Strange is in the eye of the beholder. As proof, we submit for your consideration the twenty-five stories collected in Strange Tales, a smorgasbord of the weird, bizarre, and—yes—strange. Each story is unique in its approach to its horrors, terrors, and strangeness.
If it’s true that every reader has his or her own definition of strange, then it’s just as true that all readers know strange when they see it. We’re confident that you’ll agree that stranger tales than these have never been written.
The Sistrum—Alice Perrin. The artifact from the curiosity shop made a perfect conversation piece—unless one was foolish enough to sleep in the same room with it.
A Tough Tussle—Ambrose Bierce. The living have certain expectations for corpses. Movement is not among them.
The Bunyip—Rosa Praed. No one traveling through the brush had actually seen the legendary Bunyip, but all knew the tales of horror told about it.
The Gentleman from America—Michael Arlen. Puce was staunchly American in temperament, but his resolve dissolved as quickly as anyone’s would when faced with a haunt.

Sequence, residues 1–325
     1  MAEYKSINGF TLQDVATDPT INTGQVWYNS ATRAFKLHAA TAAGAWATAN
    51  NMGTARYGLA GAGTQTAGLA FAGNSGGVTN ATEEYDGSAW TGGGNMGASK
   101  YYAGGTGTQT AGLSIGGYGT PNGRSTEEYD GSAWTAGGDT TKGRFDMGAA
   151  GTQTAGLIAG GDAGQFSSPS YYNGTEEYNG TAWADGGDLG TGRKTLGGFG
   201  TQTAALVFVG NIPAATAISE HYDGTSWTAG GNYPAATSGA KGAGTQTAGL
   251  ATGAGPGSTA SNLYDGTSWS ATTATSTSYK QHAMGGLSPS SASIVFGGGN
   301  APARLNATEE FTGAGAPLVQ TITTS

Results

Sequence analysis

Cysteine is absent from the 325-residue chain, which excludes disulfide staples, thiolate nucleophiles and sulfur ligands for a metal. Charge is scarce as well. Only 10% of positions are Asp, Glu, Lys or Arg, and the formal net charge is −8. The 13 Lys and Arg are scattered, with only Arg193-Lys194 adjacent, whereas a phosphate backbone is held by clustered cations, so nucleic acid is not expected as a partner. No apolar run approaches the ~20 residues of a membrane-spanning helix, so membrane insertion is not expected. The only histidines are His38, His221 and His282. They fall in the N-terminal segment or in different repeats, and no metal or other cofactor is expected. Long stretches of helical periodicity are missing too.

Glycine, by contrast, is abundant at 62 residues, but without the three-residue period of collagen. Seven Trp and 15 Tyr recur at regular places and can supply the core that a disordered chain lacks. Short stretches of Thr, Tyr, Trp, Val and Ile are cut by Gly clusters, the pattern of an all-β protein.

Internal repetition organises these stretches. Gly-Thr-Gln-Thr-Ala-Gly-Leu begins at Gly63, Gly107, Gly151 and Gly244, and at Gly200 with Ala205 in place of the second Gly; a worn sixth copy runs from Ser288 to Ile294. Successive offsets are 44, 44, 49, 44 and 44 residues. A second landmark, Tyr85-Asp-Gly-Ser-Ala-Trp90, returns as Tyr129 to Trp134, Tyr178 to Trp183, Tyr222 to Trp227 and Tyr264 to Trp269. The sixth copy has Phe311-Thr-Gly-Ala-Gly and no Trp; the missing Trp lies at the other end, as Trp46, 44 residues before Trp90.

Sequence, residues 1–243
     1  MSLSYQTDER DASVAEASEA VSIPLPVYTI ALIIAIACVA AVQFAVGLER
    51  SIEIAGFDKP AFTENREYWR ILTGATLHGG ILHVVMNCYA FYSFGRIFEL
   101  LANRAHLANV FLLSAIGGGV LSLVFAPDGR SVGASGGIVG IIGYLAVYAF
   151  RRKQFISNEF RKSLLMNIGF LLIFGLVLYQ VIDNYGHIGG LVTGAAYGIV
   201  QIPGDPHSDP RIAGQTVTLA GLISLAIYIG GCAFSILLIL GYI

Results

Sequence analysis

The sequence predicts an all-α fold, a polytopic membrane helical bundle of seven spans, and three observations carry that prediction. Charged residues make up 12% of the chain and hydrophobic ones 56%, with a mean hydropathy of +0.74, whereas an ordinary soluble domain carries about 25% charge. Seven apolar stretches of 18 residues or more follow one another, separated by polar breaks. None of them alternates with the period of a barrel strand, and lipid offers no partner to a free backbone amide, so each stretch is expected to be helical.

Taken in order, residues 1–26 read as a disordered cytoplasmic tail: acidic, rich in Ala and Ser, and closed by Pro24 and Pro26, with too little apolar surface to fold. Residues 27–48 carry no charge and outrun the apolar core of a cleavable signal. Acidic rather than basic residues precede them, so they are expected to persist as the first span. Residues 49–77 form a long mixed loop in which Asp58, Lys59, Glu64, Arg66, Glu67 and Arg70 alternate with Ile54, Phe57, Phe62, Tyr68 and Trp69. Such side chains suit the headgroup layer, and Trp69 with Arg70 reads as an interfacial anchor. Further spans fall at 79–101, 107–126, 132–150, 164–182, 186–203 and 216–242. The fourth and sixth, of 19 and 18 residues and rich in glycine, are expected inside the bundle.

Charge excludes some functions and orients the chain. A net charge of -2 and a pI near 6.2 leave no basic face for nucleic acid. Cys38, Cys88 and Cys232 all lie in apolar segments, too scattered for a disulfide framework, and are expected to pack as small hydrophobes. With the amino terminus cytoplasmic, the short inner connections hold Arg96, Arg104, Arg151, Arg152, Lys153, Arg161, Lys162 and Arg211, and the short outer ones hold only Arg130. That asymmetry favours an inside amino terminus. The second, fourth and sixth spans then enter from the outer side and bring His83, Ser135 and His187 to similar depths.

The People of the Pit—A. Merritt. The man’s account of his escape from a slug-like subterranean race seemed too preposterous to believe. But how did one account for his hideous injuries and the restraint that bound him?
The Loved Dead—C.M. Eddy, Jr. A funeral parlor employee must work closely with the dead, but this one did so with an unhealthy passion.
The Left Eye—Henry S. Whitehead. The swampy island was the perfect refuge for a fugitive from murder, but Nature provided its own judge, jury, and executioner.
Ooze—Anthony M Rud. The ruins of the Alabama “Dead House” suggested the unholy outcome of an experiment gone monstrously wrong.
The Rats in the Walls—H. P. Lovecraft. Exham Priory had a rat problem—but how do you exterminate an ancient family heritage?